This is not the first time Apple products have been linked to affluence. A 2009 study into computers and electronic device usage in U.S. households noted 36 percent of Apple computer owners reported household incomes greater than $100,000, compared to 21 percent of all consumers. Apple households also owned double the number of consumer electronic devices compared to the average computer-owning household at the time.
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Comments

  • Reply 1 of 38
    cjcampbellcjcampbell Posts: 105member
     :D 

    Astounding! Who would have that owning a $1,000+ phone was an indicator of high income?

    Whoa—here’s a thought. I bet they would find that owning a BMW might have the same correlation. 
    muthuk_vanalingamjbdragonSpamSandwichcurtis hannah78Bandittallest skilcgWerksjony0
  • Reply 2 of 38
    asciiascii Posts: 5,852member
    What a motley collection of indicators.
    fotoformatrogifan_newcgWerks
  • Reply 3 of 38
    PmikPmik Posts: 1unconfirmed, member
    Haha, all the Kids under 12 use it :)
    jbdragon
  • Reply 4 of 38
    JohnCoveredInBeesJohnCoveredInBees Posts: 1unconfirmed, member
    You could just as easily say an indicator of wealth is the ability to randomly dish out $1000+ (sometimes multiple times for various spouse and/or kids) is an indicator of wealth - regardless of what it is. Interesting though, since most of the time you get a huge discount/incentive price from your cell company to get whatever phone you choose, so most people don't even really "FEEL" the burn of buying the new phones. And what about owning an Android phone in the same price range? Is that somehow NOT an indicator of wealth?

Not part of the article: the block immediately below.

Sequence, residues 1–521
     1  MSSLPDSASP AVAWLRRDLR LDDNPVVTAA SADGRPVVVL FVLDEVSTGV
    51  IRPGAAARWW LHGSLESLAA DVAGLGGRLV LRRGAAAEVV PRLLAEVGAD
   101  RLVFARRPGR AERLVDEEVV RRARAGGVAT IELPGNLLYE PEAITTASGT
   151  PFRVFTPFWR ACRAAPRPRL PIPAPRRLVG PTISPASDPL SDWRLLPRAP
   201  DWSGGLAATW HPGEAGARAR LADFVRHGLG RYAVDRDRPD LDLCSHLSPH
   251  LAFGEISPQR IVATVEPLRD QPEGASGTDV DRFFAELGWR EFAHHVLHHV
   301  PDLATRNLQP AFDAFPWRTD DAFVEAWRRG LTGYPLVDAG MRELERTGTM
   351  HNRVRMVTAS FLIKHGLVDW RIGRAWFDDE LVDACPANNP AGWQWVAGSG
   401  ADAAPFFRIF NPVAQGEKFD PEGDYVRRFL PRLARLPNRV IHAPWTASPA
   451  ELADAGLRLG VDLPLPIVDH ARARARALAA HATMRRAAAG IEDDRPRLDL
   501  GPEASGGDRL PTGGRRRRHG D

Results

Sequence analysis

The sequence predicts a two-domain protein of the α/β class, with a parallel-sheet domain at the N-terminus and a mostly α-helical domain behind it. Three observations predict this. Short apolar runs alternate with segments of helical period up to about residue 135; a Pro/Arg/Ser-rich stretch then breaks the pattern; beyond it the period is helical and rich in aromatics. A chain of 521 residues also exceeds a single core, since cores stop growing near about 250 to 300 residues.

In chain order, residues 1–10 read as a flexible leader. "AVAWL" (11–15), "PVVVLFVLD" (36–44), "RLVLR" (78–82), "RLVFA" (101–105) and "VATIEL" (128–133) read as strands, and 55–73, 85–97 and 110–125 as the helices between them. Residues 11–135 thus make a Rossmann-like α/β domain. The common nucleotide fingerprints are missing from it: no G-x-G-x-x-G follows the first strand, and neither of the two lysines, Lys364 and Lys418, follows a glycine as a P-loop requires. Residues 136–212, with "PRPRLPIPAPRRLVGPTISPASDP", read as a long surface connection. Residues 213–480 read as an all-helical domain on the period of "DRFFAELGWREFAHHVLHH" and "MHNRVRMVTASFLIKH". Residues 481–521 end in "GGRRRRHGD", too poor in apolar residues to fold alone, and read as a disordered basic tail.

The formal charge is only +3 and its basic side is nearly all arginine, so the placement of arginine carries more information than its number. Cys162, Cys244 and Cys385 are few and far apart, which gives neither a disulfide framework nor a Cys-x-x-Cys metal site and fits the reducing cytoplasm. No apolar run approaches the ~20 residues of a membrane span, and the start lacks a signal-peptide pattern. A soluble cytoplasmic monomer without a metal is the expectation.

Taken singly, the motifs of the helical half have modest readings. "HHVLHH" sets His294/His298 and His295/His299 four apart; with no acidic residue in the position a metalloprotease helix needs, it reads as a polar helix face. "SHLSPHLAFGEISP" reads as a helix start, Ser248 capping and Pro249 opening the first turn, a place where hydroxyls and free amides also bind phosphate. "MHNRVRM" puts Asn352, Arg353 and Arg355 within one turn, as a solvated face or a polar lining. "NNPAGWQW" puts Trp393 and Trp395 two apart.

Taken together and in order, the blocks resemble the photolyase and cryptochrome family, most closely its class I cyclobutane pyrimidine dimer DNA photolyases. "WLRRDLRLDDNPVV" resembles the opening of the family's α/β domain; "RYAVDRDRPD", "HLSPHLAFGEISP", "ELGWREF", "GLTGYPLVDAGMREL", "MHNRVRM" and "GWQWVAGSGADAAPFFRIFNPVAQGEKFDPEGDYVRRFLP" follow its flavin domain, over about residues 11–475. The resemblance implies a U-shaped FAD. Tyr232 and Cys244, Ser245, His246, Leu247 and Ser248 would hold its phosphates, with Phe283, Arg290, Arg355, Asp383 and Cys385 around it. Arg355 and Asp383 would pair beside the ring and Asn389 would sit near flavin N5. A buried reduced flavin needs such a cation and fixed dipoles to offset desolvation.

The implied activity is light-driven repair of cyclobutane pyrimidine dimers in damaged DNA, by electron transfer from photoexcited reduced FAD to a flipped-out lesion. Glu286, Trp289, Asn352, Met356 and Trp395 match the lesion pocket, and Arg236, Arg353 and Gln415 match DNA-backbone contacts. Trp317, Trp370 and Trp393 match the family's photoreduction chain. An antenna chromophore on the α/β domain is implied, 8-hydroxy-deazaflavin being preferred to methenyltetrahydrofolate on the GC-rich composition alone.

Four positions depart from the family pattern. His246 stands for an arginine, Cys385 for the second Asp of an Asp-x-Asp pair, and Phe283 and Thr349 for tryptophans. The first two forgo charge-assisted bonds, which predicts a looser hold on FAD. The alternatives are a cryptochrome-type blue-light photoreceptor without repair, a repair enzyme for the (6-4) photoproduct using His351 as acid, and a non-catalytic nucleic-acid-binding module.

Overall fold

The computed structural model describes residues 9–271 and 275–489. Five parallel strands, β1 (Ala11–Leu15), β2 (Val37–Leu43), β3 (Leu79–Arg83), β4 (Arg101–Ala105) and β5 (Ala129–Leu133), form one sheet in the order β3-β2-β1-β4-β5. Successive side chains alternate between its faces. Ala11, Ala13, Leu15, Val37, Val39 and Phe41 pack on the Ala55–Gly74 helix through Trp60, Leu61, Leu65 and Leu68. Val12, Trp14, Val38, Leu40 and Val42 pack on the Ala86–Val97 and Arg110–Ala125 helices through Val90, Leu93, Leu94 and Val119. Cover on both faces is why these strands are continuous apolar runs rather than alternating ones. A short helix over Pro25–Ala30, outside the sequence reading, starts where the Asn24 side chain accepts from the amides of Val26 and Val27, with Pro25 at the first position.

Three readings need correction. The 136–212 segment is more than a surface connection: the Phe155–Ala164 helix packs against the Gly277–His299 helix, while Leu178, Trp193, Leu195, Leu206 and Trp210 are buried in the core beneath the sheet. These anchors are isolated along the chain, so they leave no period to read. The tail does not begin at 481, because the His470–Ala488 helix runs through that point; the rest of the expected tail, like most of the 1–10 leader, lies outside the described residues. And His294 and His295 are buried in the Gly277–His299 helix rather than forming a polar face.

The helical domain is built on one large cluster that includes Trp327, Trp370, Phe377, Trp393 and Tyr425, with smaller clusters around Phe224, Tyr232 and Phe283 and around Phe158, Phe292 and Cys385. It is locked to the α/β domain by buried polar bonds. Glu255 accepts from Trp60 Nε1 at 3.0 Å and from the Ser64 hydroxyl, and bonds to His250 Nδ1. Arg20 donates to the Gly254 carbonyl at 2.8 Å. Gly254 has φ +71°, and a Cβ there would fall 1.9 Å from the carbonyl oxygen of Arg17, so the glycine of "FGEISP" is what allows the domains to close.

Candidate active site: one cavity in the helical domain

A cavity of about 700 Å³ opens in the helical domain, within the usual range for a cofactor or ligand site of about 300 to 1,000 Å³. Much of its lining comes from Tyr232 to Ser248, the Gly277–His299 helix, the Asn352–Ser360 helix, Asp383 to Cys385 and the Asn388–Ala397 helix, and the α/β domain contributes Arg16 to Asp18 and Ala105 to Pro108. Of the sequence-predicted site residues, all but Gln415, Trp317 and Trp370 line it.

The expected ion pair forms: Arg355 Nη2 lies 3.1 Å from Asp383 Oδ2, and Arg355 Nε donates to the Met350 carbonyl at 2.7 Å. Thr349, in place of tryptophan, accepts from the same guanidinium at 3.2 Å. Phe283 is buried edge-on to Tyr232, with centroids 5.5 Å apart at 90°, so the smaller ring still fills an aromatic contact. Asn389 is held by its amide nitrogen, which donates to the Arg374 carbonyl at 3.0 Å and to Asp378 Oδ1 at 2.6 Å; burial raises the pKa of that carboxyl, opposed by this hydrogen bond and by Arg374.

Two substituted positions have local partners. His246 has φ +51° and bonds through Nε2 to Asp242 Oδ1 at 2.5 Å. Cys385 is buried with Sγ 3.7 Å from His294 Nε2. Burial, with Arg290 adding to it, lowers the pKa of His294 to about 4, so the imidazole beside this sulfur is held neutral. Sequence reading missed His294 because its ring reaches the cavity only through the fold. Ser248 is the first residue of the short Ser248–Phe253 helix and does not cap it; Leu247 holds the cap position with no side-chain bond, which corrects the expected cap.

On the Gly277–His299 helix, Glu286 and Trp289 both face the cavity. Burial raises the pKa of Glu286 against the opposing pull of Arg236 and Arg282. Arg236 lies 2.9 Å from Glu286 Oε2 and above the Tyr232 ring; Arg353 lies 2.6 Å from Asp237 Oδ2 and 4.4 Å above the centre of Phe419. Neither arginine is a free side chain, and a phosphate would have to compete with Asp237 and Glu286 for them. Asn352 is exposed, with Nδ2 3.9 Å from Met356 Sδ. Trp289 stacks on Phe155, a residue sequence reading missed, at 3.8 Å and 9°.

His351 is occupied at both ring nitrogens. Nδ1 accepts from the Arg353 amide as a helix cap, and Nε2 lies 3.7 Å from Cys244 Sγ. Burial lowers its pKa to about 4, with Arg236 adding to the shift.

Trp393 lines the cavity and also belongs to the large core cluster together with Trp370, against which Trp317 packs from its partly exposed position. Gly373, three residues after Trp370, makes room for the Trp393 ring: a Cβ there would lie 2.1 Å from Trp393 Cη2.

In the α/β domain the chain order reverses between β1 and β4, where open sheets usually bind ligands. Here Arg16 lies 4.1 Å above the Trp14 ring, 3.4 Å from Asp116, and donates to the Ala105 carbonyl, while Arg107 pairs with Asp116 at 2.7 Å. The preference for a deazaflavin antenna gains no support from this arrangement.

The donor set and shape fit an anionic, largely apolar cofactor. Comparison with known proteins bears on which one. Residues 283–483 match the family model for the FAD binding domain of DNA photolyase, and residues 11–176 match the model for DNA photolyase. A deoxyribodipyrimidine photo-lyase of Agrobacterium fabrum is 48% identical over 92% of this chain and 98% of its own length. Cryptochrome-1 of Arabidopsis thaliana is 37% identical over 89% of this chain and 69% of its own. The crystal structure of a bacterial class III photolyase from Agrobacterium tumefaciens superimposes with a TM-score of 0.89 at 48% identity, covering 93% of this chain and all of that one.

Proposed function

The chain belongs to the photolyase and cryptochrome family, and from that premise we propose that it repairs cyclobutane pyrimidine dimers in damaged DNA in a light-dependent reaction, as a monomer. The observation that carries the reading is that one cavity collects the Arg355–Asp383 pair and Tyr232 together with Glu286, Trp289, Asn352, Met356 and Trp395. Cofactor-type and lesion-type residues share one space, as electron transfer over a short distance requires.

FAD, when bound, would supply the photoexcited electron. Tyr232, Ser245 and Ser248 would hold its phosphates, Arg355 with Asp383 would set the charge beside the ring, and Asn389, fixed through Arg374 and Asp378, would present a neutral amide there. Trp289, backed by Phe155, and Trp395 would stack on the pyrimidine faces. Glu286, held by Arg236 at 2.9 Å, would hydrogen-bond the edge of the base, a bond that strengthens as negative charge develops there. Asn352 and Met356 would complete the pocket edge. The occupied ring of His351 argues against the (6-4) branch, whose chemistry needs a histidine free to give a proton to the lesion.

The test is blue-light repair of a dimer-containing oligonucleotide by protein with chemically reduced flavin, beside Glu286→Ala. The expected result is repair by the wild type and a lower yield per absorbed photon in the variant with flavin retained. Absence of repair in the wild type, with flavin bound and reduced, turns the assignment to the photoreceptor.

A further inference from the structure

jbdragon
  • Reply 5 of 38
    gatorguygatorguy Posts: 19,290member
    You could just as easily say an indicator of wealth is the ability to randomly dish out $1000+ (sometimes multiple times for various spouse and/or kids) is an indicator of wealth - regardless of what it is. Interesting though, since most of the time you get a huge discount/incentive price from your cell company to get whatever phone you choose, so most people don't even really "FEEL" the burn of buying the new phones. And what about owning an Android phone in the same price range? Is that somehow NOT an indicator of wealth?
    Apparently it is, only about 10% behind iPhones and iPads as an indicator of wealth. That's a lot closer than I might have expected considering how many budget smartphones there are. 
  • Reply 6 of 38
    Another interesting metric .. iOS / Apple customers are about  2x  as likely to have an advanced degree beyond undergraduate (Master's, Law, Medicine, PhD); only 8% of the U.S. population falls within this category, though.